Strong winds in southern Nova Scotia, rain moves into Newfoundland

·2 min read
Strong winds in southern Nova Scotia, rain moves into Newfoundland
Strong winds in southern Nova Scotia, rain moves into Newfoundland

Southern regions in Nova Scotia are seeing intense wind gusts and some areas in Newfoundland are experiencing heavy rain. While conditions will clear up throughout Sunday, another system is already on New Brunswick’s doorstep. Beyond the weekend, we're keeping an eye on a potentially potent system for early next week. For details and timing, see below.

STRONG WINDS IN NOVA SCOTIA, RAIN MOVES INTO NEWFOUNDLAND

Winds will be quite strong in southwestern Nova Scotia during the overnight hours on Saturday and wind warnings are in place for Shelburne and Yarmouth counties. Gusts up to 90 km/h are expected over exposed coastal areas.

The weather will be more active in Newfoundland, where the rain will continue on Saturday evening with heavy downpours and a risk of thundershowers in some locations. Rainfall warnings are in place for the Burin Peninsula, Burgeo-Ramea and Connaigre. The rain is forecast to taper off overnight into Sunday morning.

ATLRAIN
ATLRAIN

"Heavy downpours can cause flash floods and water pooling on roads. Localized flooding in low-lying areas is possible," Environment and Climate Change Canada (ECCC) says in the warning for Burin Peninsula.

Additional rainfall totals could hit 50-75 mm of rainfall for the southern sections including Burgeo, with 20-30 mm extending into the Avalon Peninsula and areas immediately to the north. Parts of Nova Scotia could pick up 10-20 mm of additional rain through Sunday.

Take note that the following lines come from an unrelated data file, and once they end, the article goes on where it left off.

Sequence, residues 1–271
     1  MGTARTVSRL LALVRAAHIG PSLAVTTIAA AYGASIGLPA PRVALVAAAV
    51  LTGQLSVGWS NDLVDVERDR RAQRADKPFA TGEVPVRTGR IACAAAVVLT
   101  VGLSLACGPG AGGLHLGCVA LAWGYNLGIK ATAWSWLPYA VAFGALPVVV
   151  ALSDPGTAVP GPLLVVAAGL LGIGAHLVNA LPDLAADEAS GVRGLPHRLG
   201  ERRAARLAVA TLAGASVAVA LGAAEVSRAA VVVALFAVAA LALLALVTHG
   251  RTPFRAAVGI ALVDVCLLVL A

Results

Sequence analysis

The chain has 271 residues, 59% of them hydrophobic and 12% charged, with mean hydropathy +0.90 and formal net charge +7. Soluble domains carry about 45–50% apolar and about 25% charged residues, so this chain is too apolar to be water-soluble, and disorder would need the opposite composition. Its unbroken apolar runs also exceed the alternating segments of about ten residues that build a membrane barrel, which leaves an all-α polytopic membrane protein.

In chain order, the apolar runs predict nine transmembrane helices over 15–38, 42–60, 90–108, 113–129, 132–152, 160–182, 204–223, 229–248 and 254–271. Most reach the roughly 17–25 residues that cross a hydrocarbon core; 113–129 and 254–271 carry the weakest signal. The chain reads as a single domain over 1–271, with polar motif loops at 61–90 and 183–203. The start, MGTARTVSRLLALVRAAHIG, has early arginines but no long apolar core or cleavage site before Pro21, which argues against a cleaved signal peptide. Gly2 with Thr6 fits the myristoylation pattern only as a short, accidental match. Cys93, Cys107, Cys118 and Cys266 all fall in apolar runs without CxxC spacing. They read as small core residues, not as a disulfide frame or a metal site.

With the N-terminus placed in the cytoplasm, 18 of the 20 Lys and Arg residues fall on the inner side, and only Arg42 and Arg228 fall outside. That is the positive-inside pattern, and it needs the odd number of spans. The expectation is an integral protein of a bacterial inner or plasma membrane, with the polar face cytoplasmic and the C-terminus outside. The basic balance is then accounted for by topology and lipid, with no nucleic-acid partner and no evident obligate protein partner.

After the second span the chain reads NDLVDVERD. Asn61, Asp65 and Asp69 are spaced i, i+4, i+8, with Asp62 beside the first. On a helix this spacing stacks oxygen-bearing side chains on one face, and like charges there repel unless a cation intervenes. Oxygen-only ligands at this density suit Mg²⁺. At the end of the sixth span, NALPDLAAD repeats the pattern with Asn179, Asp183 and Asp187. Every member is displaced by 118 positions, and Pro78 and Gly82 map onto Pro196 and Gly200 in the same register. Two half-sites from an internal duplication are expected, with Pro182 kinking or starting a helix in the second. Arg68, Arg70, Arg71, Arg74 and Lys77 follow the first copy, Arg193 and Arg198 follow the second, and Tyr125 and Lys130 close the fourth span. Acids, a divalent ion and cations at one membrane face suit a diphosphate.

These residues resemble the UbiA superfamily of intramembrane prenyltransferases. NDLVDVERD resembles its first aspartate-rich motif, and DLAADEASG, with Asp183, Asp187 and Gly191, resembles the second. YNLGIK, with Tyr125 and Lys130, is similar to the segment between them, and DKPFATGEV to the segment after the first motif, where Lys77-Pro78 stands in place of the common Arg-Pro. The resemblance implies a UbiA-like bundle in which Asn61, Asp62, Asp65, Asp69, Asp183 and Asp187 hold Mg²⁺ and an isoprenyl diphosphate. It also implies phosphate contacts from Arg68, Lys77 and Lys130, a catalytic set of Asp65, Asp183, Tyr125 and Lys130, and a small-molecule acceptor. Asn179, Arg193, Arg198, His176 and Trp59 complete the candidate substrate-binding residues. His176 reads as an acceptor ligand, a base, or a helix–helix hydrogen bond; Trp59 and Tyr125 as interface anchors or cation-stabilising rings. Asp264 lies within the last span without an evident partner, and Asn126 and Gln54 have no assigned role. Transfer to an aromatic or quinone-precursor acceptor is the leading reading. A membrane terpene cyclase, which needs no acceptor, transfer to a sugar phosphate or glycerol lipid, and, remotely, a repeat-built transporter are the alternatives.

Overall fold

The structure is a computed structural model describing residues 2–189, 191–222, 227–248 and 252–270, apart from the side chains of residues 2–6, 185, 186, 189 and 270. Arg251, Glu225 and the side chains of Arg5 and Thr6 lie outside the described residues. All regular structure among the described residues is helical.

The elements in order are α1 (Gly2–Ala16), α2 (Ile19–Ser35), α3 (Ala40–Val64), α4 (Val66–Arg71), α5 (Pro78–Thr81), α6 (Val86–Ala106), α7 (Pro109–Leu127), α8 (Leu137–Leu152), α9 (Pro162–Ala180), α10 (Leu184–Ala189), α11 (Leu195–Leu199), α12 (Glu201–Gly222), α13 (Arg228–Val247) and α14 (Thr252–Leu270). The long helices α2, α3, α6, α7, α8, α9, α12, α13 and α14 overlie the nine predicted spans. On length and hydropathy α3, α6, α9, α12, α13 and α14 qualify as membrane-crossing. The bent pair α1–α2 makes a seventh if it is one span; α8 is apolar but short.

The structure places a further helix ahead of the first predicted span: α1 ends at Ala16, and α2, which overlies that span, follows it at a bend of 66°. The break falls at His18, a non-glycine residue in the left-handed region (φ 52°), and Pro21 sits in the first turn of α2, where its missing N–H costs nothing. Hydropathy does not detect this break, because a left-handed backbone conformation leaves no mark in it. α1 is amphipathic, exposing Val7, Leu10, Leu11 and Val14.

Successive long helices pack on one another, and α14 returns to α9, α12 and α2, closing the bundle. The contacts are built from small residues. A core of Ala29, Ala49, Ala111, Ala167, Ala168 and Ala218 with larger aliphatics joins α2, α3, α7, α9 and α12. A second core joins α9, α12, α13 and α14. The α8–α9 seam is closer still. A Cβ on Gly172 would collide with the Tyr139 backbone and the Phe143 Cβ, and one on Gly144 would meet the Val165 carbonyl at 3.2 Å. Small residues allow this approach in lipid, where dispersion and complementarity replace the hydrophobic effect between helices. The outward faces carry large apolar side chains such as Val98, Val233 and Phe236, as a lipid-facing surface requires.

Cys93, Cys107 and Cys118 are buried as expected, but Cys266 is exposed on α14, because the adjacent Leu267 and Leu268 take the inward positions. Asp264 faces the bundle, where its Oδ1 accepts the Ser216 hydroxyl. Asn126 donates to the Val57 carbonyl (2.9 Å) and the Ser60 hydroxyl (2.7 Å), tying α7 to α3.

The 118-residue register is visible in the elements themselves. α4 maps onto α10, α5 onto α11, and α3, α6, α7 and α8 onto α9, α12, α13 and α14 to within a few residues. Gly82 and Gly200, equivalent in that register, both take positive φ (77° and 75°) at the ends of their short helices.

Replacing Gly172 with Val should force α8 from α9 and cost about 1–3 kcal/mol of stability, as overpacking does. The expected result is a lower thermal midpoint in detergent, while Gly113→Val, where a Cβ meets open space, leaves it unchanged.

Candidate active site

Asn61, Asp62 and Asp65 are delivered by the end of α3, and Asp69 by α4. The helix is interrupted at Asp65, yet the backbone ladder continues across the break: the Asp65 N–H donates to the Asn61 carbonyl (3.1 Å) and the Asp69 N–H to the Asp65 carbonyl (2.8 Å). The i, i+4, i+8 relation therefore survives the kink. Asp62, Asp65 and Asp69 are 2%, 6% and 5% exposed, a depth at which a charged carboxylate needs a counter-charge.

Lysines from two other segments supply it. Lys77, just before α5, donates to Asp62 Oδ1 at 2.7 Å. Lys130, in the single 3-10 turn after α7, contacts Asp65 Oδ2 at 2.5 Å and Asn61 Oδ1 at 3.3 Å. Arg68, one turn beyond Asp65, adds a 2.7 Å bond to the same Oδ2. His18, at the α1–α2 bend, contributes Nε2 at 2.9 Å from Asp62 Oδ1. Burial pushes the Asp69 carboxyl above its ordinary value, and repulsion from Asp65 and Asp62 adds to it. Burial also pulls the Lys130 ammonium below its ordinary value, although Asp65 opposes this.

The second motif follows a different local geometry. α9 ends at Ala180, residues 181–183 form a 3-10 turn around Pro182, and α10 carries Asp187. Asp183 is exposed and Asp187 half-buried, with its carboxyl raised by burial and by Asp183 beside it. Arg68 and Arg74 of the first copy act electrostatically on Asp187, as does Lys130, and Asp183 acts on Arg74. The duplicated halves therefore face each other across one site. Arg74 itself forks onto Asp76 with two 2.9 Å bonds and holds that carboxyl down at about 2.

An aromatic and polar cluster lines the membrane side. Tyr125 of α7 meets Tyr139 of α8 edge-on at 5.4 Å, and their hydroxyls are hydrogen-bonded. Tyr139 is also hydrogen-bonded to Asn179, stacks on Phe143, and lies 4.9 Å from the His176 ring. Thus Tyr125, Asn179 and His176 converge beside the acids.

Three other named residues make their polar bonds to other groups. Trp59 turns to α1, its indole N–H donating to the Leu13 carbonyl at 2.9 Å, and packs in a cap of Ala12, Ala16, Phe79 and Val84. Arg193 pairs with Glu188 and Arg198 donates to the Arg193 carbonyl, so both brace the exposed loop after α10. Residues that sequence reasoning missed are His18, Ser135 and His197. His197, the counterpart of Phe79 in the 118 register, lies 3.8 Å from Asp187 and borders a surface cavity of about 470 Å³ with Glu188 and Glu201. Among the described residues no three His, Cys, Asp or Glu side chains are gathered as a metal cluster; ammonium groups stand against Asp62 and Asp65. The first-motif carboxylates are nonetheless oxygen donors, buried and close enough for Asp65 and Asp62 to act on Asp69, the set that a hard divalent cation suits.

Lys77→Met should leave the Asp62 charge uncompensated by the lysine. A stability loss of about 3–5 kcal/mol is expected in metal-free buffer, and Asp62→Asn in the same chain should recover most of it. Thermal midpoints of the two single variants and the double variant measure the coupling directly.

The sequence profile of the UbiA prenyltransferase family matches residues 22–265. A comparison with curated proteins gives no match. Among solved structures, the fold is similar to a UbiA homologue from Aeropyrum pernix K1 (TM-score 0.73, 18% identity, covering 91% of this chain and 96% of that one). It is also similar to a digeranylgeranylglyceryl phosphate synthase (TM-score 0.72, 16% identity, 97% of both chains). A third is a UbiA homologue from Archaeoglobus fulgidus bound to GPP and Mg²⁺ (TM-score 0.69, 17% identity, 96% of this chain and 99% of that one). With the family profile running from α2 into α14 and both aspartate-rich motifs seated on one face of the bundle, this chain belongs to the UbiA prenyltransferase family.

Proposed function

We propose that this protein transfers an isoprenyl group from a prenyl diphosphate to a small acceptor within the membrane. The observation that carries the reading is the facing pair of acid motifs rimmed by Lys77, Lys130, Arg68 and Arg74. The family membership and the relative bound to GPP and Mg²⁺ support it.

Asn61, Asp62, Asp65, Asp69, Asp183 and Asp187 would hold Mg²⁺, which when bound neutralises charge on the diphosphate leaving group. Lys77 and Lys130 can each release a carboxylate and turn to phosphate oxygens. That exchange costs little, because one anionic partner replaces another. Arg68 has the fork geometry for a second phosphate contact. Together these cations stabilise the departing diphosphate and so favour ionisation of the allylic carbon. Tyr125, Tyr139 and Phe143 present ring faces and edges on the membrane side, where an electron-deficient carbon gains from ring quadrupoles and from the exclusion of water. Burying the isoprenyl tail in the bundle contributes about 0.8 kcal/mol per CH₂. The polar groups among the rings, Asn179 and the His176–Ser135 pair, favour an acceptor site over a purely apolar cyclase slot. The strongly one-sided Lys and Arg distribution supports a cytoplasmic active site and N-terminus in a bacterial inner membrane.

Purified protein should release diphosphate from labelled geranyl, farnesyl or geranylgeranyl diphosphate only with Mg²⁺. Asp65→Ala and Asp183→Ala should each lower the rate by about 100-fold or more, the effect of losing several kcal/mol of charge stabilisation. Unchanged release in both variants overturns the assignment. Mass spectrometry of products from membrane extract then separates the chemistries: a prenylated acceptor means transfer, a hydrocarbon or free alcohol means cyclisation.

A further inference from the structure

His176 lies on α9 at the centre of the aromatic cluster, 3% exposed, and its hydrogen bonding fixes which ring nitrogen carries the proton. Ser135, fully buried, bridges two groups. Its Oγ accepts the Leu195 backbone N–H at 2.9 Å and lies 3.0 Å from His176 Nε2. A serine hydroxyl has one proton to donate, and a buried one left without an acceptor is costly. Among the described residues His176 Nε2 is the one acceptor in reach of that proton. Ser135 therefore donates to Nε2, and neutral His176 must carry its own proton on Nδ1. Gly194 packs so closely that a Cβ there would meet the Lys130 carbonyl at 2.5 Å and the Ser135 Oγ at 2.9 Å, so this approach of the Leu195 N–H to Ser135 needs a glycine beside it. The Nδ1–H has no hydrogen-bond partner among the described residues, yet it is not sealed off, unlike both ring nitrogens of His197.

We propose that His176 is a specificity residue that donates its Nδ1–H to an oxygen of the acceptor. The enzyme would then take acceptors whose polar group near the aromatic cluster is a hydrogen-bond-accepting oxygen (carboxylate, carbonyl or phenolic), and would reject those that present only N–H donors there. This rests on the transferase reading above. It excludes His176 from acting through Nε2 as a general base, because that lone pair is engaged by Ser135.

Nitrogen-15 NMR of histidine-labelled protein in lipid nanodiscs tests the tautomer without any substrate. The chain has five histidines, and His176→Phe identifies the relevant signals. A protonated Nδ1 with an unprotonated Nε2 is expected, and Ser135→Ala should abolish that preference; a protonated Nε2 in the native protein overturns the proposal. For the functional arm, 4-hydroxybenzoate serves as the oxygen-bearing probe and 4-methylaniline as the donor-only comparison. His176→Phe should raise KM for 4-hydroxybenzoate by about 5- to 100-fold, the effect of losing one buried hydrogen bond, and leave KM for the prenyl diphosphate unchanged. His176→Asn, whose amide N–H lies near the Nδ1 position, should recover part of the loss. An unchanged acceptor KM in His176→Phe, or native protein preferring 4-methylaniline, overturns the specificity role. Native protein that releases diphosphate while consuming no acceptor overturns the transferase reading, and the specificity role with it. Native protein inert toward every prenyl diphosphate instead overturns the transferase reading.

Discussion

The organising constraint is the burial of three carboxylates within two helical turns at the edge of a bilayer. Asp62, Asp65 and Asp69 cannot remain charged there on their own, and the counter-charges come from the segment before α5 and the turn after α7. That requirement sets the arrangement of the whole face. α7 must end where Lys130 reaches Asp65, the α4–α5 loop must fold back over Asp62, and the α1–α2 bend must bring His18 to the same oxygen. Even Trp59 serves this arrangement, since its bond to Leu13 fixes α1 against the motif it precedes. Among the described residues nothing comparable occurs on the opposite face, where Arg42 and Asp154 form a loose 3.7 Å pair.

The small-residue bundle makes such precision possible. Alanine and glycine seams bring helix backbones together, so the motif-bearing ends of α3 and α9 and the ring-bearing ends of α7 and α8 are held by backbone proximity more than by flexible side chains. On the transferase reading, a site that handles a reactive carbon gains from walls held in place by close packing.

Another round of unsettled weather courtesy of the next front will make its way into the northern Maritimes overnight Saturday into Sunday, bringing rain for New Brunswick, and possibly snow for higher terrain.

BEYOND: CHANCE OF AN EARLY-WEEK WEATHER BOMB

Forecasters are eyeing the potential for another storm to intensify as it tracks into the region early next week. It's still early, but there's some chance the drop in pressure may be sufficiently precipitous to qualify as a weather bomb.

ATLTEMPTUES
ATLTEMPTUES

"The upper-level energy associated with the Alberta clipper will trigger the development of a new system off the coast of the northeast U.S., and this system is expected to track to the Gulf of St. Lawrence with widespread rain and windy conditions. Heavy snow is expected on the back side of the low, including northern New Brunswick and the Gaspe Peninsula, and into eastern Quebec," Weather Network meteorologist Dr. Doug Gillham said.

However, we currently have very low confidence in the track and intensity of this system, so it's best to check back closer to the storm's approach for more concrete details.

Beyond, another round of unsettled weather is expected late next week.

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